Tuesday, March 27, 2012

Trilogy Takeover

Is it just me or is every story being told as a trilogy these days? Right now I'm in the middle of three different trilogies and can think of another I only recently completed. It's not that I mind having books to look forward to and familiar characters to revisit, it just all seems a little too coincidental. People aren't building long series or admitting that maybe one or two books are enough to tell their story - three seems to be the magic number. Hunger Games could have stopped at two, and I can't count how many other Young Adult books are emerging right now already listing the first book as one of three on the cover.

Thinking back to when I was a kid, I can only remember two trilogies (and one technically has four books in the series although you can argue the point that the 4th is a spin-off) - the Wrinkle in Time books by Madeleine L'Engle and Little Women by Louisa May Alcott. Bet most of you didn't even know Little Women was a one of three, but Little Men and Jo's Boys were both excellent. What I do remember are the big series like Babysitters Club and Sweet Valley High. Long before Harry Potter's seven books graced shelves everywhere, series like these two went on forever. It was like going back to an old friend each time a new one published and I liked having them around.

Feeling like you have to stretch or condense a story into three volumes is setting a poor precedent and could lead to stories being put through a formula they just don't belong in. So, I'd like to share my feelings to any future authors here -- don't fall into the trilogy trap! If you just write a good story, making it as long as it needs to be to tell the tale, and stop, you'll do just fine. If your book(s) is worth reading, people will buy it regardless of how many volumes it's in.

Thursday, March 22, 2012

A Discovery of Witches by Deborah Harkness

This book is intense. Beyond the characters and plot points it's just an intense read.

Yes, it's another vampire book (technically) with witches and daemons to boot, and yes there's a love story that leads to all sorts of complications, but this book is so much more than these popular plot devices. We're not wrapped up in a bubble of love (see Twilight). We're travelling through our real world with two characters who value family and love, have passions for real things like science and history, but they just happen to be a witch and a vampire.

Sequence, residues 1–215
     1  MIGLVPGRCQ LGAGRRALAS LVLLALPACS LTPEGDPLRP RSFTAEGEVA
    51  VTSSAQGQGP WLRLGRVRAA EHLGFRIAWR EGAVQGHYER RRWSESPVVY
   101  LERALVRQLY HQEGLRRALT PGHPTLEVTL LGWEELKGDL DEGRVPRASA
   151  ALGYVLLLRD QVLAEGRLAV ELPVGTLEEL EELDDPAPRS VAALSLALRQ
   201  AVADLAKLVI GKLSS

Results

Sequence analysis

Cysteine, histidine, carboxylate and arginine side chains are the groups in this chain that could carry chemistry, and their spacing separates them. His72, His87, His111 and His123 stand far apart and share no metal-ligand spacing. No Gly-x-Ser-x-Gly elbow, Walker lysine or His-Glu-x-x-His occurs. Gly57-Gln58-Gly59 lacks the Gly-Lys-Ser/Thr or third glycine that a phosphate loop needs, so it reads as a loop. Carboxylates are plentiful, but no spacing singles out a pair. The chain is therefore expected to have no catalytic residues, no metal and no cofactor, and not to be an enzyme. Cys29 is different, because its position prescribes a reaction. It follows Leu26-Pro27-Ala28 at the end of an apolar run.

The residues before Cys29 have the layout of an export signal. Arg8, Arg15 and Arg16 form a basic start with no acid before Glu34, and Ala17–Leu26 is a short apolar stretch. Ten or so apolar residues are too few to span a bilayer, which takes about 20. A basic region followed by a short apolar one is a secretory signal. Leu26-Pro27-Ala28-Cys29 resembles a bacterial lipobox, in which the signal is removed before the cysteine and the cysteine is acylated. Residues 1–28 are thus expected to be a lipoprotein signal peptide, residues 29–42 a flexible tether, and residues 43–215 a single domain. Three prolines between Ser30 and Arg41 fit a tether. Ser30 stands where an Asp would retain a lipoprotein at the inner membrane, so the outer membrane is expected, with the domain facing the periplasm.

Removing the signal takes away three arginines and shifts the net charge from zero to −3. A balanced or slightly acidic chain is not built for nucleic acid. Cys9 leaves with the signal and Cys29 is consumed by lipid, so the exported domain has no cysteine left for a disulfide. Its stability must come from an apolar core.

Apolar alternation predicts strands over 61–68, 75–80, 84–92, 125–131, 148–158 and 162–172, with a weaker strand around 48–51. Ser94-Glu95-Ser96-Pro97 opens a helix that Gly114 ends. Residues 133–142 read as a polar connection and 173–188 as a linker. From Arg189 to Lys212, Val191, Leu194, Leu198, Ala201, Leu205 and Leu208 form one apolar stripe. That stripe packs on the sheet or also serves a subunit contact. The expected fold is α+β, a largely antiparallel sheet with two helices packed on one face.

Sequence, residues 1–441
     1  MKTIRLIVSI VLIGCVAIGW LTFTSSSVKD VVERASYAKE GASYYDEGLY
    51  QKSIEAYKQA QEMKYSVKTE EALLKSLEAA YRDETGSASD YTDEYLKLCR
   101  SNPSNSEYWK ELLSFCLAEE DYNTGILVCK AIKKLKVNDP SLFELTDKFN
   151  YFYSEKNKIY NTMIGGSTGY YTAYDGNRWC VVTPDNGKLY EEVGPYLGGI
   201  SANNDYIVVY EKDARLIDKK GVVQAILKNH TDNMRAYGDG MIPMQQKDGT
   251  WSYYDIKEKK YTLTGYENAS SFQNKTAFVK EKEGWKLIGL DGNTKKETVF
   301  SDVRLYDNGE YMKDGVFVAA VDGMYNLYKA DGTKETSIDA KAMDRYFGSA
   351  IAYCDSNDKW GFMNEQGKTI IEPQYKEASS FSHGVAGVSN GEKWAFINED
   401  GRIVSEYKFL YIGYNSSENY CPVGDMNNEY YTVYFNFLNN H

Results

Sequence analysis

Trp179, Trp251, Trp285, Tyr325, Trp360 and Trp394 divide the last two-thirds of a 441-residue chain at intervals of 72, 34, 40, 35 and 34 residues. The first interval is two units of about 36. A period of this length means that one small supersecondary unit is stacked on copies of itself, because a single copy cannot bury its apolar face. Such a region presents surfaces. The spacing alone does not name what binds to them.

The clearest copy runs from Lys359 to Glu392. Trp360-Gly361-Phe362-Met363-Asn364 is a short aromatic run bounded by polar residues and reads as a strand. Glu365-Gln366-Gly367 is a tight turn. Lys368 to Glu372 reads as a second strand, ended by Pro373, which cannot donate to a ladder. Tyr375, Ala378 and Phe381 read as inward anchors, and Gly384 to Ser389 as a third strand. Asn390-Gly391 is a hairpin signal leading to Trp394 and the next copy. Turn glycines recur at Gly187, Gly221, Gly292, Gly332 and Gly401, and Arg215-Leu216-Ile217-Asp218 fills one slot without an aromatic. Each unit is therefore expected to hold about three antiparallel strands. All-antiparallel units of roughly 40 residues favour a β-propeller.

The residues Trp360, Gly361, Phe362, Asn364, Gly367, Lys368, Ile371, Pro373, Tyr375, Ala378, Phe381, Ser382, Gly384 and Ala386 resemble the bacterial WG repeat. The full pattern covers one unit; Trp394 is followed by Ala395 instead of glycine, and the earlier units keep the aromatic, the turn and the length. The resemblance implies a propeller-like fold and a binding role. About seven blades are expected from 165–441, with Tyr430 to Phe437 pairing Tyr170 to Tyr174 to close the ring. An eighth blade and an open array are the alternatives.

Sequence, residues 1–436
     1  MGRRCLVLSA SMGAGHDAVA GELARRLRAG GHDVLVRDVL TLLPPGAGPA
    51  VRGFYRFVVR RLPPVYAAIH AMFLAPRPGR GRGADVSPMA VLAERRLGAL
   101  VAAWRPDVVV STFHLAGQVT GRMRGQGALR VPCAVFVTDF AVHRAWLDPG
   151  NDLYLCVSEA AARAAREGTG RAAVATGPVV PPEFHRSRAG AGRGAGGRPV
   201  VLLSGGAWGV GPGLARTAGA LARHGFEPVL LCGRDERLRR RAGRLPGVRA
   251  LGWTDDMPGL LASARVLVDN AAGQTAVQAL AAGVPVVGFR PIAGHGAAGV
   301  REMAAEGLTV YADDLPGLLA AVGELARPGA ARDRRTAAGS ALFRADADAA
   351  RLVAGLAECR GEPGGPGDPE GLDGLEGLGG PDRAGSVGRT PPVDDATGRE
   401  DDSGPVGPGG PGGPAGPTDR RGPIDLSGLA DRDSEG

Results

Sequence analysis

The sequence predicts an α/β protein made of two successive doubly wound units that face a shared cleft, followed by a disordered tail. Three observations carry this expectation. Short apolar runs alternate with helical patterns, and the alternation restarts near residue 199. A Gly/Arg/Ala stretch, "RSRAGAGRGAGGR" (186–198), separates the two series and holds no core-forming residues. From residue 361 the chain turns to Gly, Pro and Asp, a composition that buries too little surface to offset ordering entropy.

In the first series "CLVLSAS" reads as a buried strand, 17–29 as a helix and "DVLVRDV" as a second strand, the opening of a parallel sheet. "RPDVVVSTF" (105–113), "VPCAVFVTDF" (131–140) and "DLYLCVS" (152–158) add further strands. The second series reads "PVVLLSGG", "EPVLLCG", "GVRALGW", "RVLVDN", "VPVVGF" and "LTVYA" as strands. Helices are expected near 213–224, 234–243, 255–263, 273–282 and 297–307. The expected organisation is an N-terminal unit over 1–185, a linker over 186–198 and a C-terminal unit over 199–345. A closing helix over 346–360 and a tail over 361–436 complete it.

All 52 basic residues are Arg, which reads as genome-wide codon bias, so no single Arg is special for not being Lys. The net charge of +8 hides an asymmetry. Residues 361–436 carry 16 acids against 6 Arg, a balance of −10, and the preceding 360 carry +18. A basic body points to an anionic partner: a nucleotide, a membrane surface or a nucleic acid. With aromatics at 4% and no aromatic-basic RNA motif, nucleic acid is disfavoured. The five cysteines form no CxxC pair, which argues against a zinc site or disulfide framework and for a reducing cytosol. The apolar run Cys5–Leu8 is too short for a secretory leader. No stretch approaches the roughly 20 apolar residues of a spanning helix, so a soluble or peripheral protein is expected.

Diana, the witch, a descendant of two notorious Salem families, has chosen to set her powers aside to become a historian of alchemy. Matthew, an ancient vampire, is trying to identify the Mitochondrial RNA markers the make one a vampire (apparently your body chemistry changes after you're bitten), witch, or daemon. There are rules of association between these creatures and just like racial segregation - they're supposed to stay away from each other. In fact, all of these creatures exist undetected by humans until they start gathering together.

Thrown into all this is a book - a very old book - covered in layers of magic. It might contain the secret of the Sorcerer's Stone or it might hold the origin stories of these three creatures. We're not sure, but Diana accesses the book quite innocently only to have all hell break loose.

Not safe for many reasons, Diana and Matthew being a journey to find a safe place to hide. Along the way we meet their families, learn a lot of their secrets, and gain a better understanding of the secret and violent society that governs this group of "special" people. Uncertainty is ever-present and magic is uncovered. It's an intense, suspenseful ride and I loved every second of it.

It's so easy to get sucked into this story because the world is familiar. The history discussed, the places they go - each detail is tangible and fully realized. You feel how old Matthew is through his book collection and the people he talks about knowing first-hand. You feel how hard Diana struggled against her magic by going to the house she grew up in (a house very much armed with a mind of its own) and meeting her Aunts. This is really what the growing vampire "genre" should be; a story that has more volume that a forbidden love.

This was a fantastic read and as part of a trilogy, I can't wait for the next book to publish.